He's been solid beside the experienced Dutchman with the duo doing their best to protect Alisson. It's overlooked but Liverpool changed the backbone of their team this summer with two of their starting XI in their opening three matches never playing in the English league before.
Liverpool's Brazilian shot-stopper looks unfazed but it's worth remembering goalkeepers regularly struggle to adapt to the rigours of the Premier League, especially playing behind a new-look defence and midfield.
That's not to suggest the Reds are at a disadvantage due to making so many changes to the starting XI, but the fact Klopp's managed to find a balance to his team to fit in new signings and still get results is being overlooked.
A summer of change
It wasn't just on the pitch that there was change. Klopp went into a pre-season as a manager without Željko Buvač by his side for the very first time. The summer following a Champions League final defeat.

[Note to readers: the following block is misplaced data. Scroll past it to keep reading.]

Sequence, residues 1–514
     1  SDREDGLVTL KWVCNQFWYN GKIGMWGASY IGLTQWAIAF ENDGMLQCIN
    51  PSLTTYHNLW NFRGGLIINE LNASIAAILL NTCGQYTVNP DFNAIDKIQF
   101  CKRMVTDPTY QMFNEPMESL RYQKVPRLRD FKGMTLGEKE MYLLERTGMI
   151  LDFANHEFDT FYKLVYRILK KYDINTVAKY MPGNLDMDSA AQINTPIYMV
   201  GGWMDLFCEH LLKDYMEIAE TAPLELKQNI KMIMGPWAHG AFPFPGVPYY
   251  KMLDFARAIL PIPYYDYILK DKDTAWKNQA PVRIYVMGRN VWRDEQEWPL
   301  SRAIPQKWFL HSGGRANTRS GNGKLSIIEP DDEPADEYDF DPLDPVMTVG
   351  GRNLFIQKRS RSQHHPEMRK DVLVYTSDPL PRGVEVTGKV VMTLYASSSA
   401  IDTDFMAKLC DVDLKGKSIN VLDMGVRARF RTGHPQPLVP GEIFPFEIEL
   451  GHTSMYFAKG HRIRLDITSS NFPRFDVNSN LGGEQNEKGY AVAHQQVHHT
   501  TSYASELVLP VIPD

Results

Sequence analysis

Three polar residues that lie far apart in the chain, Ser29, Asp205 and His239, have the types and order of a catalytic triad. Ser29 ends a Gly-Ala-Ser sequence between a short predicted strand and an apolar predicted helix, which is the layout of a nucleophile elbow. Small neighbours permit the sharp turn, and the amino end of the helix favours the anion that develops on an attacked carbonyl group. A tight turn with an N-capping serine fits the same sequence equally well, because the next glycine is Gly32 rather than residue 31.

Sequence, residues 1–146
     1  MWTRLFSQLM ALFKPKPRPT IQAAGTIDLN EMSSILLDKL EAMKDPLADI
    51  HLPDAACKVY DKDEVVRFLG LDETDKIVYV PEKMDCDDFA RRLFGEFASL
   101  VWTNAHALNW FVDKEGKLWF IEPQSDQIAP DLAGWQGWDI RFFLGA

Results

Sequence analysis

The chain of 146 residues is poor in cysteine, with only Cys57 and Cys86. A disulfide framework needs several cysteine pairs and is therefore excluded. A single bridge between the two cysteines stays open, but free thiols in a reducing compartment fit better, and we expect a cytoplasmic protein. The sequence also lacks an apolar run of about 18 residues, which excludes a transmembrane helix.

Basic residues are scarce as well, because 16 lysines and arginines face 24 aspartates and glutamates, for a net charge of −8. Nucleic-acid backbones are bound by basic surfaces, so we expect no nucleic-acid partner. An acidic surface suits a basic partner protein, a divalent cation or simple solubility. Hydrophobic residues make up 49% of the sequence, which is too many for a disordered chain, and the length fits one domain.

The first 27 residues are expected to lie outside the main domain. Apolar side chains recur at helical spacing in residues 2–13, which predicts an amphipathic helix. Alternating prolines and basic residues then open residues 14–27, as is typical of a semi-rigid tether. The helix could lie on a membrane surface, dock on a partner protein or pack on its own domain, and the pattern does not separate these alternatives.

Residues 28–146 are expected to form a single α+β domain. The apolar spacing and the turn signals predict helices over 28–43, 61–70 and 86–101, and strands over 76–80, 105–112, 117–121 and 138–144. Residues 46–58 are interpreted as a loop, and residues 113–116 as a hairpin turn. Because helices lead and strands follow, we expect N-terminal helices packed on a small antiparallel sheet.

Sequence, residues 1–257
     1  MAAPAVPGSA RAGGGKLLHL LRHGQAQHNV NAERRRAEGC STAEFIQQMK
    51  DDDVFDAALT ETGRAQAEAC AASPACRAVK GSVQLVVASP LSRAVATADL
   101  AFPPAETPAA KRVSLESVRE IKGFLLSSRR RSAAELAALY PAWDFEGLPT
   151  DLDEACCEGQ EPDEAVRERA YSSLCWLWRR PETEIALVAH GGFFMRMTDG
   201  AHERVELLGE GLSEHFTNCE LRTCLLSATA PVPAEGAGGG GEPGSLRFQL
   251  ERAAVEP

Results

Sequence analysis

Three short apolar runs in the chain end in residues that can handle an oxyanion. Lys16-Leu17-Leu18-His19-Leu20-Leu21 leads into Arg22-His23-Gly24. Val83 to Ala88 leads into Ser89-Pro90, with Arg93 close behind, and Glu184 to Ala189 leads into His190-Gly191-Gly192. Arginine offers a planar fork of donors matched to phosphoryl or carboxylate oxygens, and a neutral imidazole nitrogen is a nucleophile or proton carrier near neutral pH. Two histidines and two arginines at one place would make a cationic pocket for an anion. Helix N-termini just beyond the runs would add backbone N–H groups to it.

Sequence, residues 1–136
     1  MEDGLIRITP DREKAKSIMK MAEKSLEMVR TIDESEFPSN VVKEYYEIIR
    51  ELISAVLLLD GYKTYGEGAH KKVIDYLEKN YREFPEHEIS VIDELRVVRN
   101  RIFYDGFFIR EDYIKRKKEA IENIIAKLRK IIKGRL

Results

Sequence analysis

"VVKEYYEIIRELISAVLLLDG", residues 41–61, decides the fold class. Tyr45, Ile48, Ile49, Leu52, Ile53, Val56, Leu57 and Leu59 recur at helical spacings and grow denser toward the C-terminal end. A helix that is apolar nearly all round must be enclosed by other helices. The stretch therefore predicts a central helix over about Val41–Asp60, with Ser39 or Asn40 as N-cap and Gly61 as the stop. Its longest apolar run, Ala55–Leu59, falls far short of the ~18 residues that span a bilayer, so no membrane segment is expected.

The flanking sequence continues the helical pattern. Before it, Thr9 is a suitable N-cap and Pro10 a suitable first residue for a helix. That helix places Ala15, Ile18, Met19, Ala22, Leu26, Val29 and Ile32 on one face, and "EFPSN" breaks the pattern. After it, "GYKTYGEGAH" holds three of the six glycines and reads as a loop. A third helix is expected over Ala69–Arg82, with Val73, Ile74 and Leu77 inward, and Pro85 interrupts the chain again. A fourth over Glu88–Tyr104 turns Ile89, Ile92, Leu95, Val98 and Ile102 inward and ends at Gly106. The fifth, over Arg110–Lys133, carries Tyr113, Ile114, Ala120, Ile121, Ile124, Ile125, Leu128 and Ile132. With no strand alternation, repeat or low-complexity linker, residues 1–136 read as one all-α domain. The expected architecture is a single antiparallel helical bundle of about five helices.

Other managers may have struggled if they found themselves in this situation. After all, a break-up of a long-term partnership can have a negative impact on a team but the Reds were ruthless during the build-up to the new campaign, picking up big wins over Manchester United, Napoli and Torino, while coming from behind to beat Manchester City in the International Champions Cup.
Pepijn Lijnders returned to the club to take up a more prominent position alongside the manager and appears to have adapted seamlessly to his new role, with his fingerprints all over Trent Alexander-Arnold's slightly tweaked role down the right this term.
Unlike previous campaigns, the hype is very much justified, and this Liverpool team are the real deal and deserve the plaudits for their early season form.